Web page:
MIL HDBK 5.jpg
 
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  • #3
Astronuc
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If there is no such series (perhaps due to error bars being too large to generalize the properties for certain materials), then what do mechanical engineers use as their reference for deciding which specific alloys to use for certain niche applications?
It's the ASM Metals Handbook:
I'm involved in such an exercise regarding certain alloys, and I what I've found is that there is no comprehensive reference for a given alloy. In general, engineering/manufacturing companies rely on their own proprietary material and product specifications, which are based on proprietary mechanical testing.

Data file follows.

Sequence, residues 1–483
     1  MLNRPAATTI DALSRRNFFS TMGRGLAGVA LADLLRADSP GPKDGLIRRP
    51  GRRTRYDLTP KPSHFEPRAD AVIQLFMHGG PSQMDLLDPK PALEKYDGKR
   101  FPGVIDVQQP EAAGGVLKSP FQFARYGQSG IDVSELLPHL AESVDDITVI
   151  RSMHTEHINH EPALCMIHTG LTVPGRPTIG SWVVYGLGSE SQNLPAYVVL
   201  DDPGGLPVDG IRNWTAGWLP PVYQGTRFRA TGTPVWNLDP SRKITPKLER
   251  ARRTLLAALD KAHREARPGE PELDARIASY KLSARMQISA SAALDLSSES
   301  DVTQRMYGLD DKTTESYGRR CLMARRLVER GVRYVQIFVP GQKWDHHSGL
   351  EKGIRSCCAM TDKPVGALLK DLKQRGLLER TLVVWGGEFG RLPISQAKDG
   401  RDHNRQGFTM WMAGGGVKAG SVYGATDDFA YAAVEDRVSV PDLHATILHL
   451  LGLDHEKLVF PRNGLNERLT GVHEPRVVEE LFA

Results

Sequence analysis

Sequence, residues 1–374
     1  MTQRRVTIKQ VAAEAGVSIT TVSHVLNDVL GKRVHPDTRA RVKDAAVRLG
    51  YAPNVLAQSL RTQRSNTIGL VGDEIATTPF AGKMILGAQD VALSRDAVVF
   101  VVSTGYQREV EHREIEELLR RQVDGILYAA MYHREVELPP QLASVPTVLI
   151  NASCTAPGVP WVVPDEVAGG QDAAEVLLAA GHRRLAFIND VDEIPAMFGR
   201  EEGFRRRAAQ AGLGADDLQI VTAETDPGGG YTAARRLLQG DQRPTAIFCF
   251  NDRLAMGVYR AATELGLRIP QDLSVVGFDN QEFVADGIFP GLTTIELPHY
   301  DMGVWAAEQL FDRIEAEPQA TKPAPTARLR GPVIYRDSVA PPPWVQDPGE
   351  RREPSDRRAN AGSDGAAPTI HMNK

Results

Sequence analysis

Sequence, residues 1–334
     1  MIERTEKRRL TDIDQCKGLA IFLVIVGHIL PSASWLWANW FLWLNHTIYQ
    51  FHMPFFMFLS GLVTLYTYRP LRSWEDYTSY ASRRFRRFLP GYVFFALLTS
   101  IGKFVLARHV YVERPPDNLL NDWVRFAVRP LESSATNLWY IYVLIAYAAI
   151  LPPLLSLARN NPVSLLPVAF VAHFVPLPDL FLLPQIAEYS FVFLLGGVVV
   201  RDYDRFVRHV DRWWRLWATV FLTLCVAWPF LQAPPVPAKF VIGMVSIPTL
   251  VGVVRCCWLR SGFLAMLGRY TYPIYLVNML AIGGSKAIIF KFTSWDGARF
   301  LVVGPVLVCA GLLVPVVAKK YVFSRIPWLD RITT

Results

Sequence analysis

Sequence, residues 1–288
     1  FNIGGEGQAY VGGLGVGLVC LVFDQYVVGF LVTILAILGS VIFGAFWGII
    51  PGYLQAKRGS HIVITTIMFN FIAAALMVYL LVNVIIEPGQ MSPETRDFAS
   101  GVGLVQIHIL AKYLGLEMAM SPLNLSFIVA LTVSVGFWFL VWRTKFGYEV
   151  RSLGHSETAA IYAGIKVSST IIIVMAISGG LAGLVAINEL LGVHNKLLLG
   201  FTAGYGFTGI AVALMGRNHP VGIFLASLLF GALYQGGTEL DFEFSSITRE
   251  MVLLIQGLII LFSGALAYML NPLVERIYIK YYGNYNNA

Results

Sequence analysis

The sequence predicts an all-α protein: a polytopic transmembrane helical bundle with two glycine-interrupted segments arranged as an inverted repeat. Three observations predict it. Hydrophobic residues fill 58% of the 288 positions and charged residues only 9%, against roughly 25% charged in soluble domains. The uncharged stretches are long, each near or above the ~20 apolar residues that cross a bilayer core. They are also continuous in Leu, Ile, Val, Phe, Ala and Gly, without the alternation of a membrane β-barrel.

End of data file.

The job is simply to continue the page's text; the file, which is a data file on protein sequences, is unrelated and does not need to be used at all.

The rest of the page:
Books like ASM Handbooks use published, non-proprietary data (which might originate in universities (academia), manufacturers, or government lab), unless the contributor is allowed to access proprietary data. In addition, one must realize that in general, for metals/alloys, they are generally in the annealed state, and one has to determined the work hardening curve and select a narrow range of application.